In her book, Confronting Christianity, author Rebecca McLaughlin tells of a time when she and her companions were holding a silent protest advocating Pro-Life sentiment. Across the way, an angry group of opponents taunted them, chanting a harrowing slur:
Pro-Life, that’s a lie
You don’t care if women die!
The sentiment is understood, albeit misdirected. None of us know the extent of suffering endured by countless women who have experienced unwanted pregnancy. But pinning this suffering upon Pro-Life advocates misses the mark. It demonstrates a refusal to see the broader context of the Pro-Life position.
I am proud to work for a company that champions community service and charity. My company offers gift-matching for contributions made by its employees to charitable agencies. This is a really good thing. However, my company recently enacted a new guideline which requires charities to take a hard-line position either for or against my company’s ideology. Charities that declare themselves “faith-based” implicate themselves as being contrary to that ideology. As a result, these charities are being cut off from my company’s matching gift offer.
One of those discontinued charities is a Christian non-profit which offers services to women with unwanted pregnancies. This particular group offers services both during and after pregnancy, all of which is free of charge. This includes pregnancy testing, health education, prenatal classes, ultrasounds, life-skills classes, material assistance in the form of food, clothing, diapers, etc., financial aid for continuing education, and mentoring. They also sponsor a resale shop offering low-cost options for clothing, toys, kitchenware, home decor, and more. In many ways, this unassuming group of volunteer caregivers are demonstrating compassion to women in crisis.
With all of this, I find it sad and somewhat ironic that my company chooses not to support this charity. I’m not questioning the rationale. It makes sense to me that my company can decide what to support and what not to support. But in the end, I wonder if my company realizes its awkward position. By holding their ground as an “inclusive” employer, my company has coldly and thoughtlessly declined support to women who are suffering in their greatest hour of need.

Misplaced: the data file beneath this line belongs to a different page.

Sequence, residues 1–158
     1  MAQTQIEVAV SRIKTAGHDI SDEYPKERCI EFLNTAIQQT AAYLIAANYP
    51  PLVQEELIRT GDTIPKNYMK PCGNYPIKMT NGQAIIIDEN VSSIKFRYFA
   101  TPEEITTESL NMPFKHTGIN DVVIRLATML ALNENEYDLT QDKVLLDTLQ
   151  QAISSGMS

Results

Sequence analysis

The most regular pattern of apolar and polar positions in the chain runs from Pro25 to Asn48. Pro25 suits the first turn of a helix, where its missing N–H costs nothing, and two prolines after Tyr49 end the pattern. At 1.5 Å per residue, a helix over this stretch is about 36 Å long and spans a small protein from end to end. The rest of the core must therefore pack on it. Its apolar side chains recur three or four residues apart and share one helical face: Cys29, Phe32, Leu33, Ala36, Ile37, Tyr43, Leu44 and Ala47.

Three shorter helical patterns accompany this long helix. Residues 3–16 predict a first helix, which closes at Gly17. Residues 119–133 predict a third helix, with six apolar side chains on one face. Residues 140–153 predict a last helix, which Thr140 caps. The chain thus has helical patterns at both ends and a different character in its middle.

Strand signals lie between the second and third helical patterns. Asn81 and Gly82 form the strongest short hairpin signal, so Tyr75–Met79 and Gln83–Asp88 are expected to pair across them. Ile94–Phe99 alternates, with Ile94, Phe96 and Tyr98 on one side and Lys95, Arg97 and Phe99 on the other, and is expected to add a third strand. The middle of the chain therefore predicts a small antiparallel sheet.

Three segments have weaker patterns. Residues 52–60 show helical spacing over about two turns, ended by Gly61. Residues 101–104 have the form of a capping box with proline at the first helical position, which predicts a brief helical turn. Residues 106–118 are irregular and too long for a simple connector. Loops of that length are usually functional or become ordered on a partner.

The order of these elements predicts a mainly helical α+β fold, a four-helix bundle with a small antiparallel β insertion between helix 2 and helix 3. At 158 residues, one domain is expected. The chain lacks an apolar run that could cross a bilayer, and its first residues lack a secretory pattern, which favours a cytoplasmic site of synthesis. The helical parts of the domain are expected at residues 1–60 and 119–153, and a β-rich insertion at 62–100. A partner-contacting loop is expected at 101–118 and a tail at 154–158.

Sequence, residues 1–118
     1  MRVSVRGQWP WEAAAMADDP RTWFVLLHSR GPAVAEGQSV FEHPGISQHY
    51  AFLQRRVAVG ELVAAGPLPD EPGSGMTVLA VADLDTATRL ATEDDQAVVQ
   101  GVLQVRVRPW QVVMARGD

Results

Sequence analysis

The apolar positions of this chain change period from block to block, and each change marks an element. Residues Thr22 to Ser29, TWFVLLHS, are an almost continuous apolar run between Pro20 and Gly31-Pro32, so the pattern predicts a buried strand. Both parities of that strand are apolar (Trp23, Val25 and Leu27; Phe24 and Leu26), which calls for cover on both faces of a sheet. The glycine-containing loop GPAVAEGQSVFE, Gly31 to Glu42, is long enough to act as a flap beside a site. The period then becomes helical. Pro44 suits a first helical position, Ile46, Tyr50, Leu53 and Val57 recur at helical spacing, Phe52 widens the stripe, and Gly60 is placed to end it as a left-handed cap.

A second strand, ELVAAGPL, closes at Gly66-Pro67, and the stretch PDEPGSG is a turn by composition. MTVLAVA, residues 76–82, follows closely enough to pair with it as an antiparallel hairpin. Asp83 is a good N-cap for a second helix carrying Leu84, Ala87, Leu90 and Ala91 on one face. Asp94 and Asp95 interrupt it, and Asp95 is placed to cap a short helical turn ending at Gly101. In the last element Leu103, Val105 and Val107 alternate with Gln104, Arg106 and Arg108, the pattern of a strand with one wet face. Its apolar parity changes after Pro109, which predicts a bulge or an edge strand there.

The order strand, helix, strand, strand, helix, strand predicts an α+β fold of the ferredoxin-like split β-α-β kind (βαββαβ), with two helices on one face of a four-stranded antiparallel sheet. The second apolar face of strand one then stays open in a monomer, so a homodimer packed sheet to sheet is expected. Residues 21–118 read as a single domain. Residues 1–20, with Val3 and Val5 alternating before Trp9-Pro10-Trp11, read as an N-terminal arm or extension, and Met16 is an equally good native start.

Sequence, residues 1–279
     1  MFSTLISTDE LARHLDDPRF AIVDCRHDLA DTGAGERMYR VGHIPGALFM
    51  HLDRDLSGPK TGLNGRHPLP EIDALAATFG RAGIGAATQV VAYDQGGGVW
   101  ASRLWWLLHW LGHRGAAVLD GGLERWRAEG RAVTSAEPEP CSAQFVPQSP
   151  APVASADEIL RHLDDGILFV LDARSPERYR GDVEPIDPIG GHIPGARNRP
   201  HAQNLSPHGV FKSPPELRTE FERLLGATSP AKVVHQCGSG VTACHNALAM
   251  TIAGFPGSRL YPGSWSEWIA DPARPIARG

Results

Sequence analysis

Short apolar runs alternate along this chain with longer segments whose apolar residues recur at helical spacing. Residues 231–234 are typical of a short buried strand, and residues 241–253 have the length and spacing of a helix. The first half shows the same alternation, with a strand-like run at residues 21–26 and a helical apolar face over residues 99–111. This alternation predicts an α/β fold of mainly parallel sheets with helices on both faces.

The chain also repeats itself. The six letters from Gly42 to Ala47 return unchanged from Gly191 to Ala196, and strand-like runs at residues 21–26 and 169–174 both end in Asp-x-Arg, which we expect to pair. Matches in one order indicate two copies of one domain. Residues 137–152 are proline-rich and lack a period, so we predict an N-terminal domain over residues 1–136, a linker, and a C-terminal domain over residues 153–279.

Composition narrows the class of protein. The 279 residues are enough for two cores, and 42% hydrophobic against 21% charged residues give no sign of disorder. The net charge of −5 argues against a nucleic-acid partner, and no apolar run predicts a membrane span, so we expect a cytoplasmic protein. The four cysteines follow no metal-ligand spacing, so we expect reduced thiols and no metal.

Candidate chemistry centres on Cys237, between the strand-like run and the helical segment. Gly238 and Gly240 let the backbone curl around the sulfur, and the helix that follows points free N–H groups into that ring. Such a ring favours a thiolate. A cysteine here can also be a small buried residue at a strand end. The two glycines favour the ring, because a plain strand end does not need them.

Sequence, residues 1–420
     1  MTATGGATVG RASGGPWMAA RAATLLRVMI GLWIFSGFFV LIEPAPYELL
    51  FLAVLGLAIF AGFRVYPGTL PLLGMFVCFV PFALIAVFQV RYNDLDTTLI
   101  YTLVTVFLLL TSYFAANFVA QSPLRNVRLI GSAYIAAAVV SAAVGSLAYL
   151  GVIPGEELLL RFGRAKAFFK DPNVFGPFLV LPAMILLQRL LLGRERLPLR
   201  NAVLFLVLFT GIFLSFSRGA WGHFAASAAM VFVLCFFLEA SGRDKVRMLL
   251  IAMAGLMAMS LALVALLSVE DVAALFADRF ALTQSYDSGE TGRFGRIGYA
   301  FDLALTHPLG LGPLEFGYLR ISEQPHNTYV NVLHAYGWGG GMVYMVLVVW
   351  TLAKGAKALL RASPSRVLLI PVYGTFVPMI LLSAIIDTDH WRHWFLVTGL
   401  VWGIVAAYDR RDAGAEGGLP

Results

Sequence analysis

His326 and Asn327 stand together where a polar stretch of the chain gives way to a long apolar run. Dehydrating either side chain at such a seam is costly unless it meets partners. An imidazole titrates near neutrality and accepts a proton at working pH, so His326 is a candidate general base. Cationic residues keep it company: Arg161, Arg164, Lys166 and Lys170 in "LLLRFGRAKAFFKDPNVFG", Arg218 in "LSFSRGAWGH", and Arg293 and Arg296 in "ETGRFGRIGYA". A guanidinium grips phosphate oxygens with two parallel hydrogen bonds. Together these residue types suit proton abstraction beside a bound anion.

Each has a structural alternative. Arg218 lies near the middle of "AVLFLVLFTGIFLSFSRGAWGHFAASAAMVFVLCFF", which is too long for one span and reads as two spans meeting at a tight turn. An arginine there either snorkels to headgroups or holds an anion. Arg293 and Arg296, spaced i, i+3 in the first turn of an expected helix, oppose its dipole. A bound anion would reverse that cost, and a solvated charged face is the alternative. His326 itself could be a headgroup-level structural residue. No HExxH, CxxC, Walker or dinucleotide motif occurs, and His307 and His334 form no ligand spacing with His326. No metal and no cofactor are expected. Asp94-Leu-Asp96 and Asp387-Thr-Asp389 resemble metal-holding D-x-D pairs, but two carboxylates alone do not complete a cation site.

In another light, can it really be said that Pro-Lifers don’t care about the women going through unwanted pregnancy? Indeed, the very existence of this Pro-Life non-profit, with its many volunteers and donors, belies the accusation that Pro-Lifers “don’t care if women die”. I will continue to regularly donate funds to this charity even though my company has not seen it worthy of their support. It is a small drop in an ocean of needs. But I am not alone. With the support of hundreds of donors and volunteers, this Pro-Life non-profit has thrived in my home town for many years. With their support, many women dealing with unwanted pregnancies have literally found life-saving help in their time of need.
Abortion is destructive subject no matter which position we take. Lives are at stake on either side, and so it is right that we feel strongly about our respective positions. But rather than deflecting all blame, rather than choosing sides, rather than accusing those on the opposing side, let us consider the responsibility all of us bear. As McLaughlin states, our society has embraced a lifestyle that separates sex from commitment. Is it any wonder we face millions of cases of unwanted pregnancies? It is time to stop hating our opponents and instead direct our energies to help the victims of the culture we have carelessly allowed to exist.